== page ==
“The average web developer, nationally, earns $91,750. That’s $61,525 more than the average pre-Codeup salary of surveyed Codeup students.”
So that’s interesting.
We can imagine a number of reasons for this difference which don’t have to do with the value of Codeup. Maybe the average web developer is older and more experienced on the job than the average pre-Codeup student. Maybe national salaries are higher than San Antonio salaries, on average.
I mean, I’m sure they are.
But still. If one of your goals is to swim in a higher-paid talent pool, it might pay to learn the butterfly stroke.
How much would 15 peak years of earning $61,525 more than you earn now be worth, like, right now? Again, I don’t think it’s as high as 15 times $61,525, or $922,875, because of the whole discounted cashflow of money in the future not being worth as much money today. Also, to be fair, you probably won’t earn the average national salary until you had a few years to ramp up your career.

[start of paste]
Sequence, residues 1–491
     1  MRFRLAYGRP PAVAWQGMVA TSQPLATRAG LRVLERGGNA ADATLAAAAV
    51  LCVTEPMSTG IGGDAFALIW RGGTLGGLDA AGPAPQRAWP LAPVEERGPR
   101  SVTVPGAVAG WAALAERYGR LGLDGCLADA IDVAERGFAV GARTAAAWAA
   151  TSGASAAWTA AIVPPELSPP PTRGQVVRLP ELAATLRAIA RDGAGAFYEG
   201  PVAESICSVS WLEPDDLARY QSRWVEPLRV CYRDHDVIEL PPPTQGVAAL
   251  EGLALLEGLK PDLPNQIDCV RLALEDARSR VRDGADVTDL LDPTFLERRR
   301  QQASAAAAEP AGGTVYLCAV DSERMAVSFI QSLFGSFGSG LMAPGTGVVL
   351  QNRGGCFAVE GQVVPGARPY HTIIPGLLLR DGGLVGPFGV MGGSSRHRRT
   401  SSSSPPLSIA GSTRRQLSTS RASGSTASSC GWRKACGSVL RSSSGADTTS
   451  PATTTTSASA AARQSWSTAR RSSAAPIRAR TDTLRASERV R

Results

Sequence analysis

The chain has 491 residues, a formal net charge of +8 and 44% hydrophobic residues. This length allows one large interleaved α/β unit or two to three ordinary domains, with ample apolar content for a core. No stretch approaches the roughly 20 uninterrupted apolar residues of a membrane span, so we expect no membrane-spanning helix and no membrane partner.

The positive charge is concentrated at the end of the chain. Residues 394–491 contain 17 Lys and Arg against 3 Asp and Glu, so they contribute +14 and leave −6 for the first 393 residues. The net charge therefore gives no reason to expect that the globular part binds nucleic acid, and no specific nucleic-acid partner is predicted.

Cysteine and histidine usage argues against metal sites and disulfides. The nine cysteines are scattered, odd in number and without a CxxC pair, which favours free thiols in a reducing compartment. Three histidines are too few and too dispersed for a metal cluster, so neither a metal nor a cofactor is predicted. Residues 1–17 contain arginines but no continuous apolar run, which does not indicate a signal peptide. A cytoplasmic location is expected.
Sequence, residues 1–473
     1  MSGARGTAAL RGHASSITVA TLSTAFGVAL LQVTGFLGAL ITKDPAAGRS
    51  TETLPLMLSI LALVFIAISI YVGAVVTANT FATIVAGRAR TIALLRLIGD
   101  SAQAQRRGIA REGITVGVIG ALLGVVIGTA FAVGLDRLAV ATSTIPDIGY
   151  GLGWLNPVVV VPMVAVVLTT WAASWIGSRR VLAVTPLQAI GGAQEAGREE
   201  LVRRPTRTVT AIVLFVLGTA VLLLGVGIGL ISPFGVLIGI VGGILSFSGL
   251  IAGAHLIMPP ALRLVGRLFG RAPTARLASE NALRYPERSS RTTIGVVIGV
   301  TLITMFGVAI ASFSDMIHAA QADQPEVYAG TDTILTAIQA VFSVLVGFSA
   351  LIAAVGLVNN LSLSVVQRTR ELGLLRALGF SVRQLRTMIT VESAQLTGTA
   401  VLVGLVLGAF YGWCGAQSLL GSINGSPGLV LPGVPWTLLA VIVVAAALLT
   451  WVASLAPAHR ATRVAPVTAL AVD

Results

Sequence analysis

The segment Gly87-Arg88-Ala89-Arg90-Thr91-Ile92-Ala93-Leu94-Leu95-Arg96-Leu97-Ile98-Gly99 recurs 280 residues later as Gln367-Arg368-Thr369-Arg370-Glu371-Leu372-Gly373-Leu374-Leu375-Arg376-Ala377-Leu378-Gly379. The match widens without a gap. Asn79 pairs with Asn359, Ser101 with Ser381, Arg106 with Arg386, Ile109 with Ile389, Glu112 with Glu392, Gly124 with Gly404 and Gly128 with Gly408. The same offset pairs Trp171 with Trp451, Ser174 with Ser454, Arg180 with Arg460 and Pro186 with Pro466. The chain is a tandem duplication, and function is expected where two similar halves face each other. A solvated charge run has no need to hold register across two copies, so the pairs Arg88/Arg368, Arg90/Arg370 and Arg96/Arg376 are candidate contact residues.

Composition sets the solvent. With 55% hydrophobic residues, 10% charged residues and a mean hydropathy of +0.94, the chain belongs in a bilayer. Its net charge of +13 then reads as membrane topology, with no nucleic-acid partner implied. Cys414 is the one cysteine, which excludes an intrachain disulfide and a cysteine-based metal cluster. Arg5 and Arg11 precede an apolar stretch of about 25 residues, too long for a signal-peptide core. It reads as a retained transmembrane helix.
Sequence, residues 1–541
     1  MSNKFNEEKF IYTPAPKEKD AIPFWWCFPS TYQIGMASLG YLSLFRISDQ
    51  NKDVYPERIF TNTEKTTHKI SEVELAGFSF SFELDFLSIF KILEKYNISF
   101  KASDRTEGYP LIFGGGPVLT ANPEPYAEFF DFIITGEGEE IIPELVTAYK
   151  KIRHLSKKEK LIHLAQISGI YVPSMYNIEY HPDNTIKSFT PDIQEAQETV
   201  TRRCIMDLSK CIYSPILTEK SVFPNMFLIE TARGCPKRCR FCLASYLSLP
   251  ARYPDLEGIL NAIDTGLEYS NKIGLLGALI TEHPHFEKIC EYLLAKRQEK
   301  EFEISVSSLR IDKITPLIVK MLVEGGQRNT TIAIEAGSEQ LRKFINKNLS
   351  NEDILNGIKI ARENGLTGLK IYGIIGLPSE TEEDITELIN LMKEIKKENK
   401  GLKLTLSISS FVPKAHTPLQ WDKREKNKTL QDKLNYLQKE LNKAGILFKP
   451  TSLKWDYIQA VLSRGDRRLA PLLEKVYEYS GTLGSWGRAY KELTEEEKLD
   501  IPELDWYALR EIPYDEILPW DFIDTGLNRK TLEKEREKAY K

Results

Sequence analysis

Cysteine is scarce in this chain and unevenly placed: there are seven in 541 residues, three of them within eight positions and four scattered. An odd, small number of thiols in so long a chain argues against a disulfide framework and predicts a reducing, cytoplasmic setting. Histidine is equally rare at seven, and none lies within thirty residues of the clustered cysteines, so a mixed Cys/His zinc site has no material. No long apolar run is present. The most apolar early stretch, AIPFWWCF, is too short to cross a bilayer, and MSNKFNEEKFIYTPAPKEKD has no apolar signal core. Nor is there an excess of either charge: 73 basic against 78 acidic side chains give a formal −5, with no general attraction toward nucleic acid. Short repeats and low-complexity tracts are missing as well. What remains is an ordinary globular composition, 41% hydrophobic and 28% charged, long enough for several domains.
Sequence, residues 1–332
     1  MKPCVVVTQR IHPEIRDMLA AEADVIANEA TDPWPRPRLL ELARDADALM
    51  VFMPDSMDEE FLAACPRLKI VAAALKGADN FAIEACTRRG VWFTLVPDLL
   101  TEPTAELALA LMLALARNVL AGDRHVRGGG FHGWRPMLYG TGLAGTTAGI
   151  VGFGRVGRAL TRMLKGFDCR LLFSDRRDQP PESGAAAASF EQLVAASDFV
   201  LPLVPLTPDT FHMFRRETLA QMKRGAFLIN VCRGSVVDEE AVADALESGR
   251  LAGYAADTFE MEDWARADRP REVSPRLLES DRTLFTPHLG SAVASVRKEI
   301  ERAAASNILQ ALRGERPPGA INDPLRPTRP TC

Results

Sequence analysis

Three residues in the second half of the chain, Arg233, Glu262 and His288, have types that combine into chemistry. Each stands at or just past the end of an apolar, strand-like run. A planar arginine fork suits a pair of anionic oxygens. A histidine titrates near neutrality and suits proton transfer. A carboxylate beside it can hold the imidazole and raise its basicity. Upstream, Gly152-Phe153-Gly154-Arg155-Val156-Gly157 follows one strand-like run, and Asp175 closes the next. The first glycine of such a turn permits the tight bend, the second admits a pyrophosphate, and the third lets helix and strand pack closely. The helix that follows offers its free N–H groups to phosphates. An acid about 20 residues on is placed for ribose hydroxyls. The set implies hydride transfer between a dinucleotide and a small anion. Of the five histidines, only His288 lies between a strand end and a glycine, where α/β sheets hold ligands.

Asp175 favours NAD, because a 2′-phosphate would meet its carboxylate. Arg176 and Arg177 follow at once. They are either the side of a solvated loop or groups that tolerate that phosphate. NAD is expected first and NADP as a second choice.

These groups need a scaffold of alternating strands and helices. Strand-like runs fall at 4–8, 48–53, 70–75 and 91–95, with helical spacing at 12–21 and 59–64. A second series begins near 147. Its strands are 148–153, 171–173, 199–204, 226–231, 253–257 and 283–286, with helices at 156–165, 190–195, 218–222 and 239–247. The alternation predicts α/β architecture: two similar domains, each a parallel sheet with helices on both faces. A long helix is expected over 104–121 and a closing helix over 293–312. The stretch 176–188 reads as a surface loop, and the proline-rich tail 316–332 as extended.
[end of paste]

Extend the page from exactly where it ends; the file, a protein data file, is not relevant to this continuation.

But what about discounting 15 years of an additional $61,525 per year, at a 5% rate, starting 5 years from now, using the exact same formula that we used before?  Discounting those 15 years of earning the average industry salary gives me a value, today, of $500,366.44. Which, to state the obvious, is 31X the price of tuition.
With those kinds of numbers I start to feel like that sales guy from Entourage: “What if I was to tell you that you’d pay $16,000 tuition to Codeup for something worth $500K today? Is that something you might be interested in?”